Find out how the manufacturing industry could go green by 2050

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Due to capex or ‘capital expenditure’ constraints and the rising costs of mainstream energy options, many companies will find it difficult to make major changes to their operations in time for the 2050 deadline. However, a recent report by Aggreko found that a decentralised energy solution might just be the answer.

The cost of energy

Aggreko’s report found that there has been a 37% rise in the cost of energy for manufacturers in the past 5 years. From their survey sample, 26% of those asked said that up to 20% of their costs were energy consumption. Over half believed that the cost of energy was impacting competitiveness in their industries.

What is decentralised energy?

This term refers to energy which is not generated on the main grid including wind power, solar, geothermal and biomass energy. This type of energy can serve to cut both carbon and costs, providing manufacturing businesses with an affordable solution to the government pledge.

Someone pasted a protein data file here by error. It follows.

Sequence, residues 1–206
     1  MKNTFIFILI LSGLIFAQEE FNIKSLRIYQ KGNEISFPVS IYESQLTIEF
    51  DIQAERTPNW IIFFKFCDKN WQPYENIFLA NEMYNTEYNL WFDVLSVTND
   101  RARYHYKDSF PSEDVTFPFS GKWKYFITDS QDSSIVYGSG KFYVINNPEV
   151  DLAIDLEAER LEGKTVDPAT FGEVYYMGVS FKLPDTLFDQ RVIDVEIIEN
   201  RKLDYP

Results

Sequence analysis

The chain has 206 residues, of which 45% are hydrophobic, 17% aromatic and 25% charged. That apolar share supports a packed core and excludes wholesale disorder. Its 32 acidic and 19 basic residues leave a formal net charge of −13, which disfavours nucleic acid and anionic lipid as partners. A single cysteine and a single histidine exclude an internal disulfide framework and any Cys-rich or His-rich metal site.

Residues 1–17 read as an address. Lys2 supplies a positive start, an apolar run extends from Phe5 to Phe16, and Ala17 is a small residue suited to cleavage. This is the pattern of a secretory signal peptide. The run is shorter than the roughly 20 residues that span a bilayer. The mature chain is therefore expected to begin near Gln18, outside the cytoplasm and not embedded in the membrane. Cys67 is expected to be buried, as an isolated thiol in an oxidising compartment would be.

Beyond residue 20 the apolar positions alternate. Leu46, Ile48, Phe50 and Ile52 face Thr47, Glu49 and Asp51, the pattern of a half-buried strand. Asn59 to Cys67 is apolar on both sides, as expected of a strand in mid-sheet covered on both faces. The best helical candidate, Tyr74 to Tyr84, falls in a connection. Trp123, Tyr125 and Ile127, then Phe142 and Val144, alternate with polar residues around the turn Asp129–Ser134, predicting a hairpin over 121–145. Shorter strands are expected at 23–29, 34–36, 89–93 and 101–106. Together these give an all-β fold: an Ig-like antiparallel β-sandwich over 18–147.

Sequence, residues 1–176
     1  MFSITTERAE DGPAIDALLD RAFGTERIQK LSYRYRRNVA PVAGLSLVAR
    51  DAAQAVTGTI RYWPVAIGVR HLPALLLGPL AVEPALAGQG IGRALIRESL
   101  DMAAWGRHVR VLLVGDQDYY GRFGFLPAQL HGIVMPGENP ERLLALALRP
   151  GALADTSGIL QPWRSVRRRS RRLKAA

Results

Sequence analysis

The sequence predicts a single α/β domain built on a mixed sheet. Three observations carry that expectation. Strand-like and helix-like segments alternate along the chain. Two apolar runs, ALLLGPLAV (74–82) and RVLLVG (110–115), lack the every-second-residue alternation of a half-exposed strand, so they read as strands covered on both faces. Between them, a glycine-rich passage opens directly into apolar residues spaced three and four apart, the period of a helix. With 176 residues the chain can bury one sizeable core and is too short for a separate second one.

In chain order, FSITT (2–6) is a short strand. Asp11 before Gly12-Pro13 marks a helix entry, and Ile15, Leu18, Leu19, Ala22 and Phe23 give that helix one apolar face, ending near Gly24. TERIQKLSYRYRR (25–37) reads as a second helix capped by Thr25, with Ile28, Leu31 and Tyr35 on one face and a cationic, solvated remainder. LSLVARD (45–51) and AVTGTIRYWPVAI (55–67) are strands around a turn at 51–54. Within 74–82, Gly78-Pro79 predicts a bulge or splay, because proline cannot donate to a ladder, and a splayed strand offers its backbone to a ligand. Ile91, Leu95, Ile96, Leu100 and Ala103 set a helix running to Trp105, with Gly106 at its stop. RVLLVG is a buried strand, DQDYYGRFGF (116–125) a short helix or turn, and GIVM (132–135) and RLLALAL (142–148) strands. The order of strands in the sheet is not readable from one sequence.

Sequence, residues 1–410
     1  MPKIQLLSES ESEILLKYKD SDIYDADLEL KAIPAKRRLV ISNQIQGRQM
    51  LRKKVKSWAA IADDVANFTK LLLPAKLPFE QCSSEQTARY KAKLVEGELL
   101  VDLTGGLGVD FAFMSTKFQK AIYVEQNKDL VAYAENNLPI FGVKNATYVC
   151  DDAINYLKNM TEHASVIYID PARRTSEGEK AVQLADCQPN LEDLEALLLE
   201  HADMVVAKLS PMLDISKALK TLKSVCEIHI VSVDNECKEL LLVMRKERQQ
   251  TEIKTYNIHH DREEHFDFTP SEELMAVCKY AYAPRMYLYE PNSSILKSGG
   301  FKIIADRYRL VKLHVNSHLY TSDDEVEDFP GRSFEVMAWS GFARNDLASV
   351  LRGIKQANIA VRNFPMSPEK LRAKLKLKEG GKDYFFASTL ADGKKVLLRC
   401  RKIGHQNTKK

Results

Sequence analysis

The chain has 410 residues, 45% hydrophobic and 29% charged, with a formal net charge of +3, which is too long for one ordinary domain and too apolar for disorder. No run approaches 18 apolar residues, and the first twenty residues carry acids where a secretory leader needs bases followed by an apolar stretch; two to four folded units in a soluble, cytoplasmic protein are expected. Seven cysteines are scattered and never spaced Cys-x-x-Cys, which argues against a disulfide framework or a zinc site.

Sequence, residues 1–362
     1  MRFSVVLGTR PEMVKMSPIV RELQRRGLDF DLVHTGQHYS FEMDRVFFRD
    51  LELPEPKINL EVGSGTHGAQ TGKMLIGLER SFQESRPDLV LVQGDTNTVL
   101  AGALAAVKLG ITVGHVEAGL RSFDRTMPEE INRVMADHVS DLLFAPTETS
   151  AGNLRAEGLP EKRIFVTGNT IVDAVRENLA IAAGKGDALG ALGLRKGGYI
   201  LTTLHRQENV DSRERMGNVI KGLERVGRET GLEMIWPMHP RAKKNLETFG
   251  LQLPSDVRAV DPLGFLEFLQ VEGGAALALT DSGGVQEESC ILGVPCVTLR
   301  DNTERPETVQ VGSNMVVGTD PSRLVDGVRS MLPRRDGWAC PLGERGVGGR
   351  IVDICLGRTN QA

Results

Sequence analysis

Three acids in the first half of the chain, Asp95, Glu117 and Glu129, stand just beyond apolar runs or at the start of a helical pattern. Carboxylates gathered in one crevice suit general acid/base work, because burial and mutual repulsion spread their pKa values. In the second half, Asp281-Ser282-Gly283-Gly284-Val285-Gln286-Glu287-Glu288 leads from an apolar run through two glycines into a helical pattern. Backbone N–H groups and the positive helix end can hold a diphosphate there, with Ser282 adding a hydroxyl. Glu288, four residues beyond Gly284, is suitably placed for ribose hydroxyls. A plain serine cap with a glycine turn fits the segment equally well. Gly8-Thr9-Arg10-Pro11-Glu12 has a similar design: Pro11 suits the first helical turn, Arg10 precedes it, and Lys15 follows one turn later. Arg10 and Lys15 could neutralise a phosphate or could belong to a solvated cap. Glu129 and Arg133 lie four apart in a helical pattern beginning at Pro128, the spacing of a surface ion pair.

While many of those surveyed could see a problem with their current energy solution, they were reluctant to initiate the change to decentralised energy due to factors such as cost and lack of technical resource. This was despite being mindful of the benefits of lower overall energy costs, security and sustainability.

Solar energy

Toward the end of 2016, solar energy became the cheapest source of energy in the world. While there have been concerns about the supply lasting during the night and periods of bad weather has been found in the past, this source of energy is becoming increasingly efficient for powering largescale commercial factories.

Capex constraints

Unfortunately, 38% of those surveyed – including manufacturing industries – reported that they had a request for investment into decentralised energy turned down due to capex restrictions. Aggreko suggest that those who have previously been turned down could look into long-term hire solutions to avoid capex constraints; a concept which has been traditionally rejected in the UK industrial landscape. They suggest this could help to bridge the gap in enabling businesses to access new technology, lower their costs and achieve greater energy security.

 

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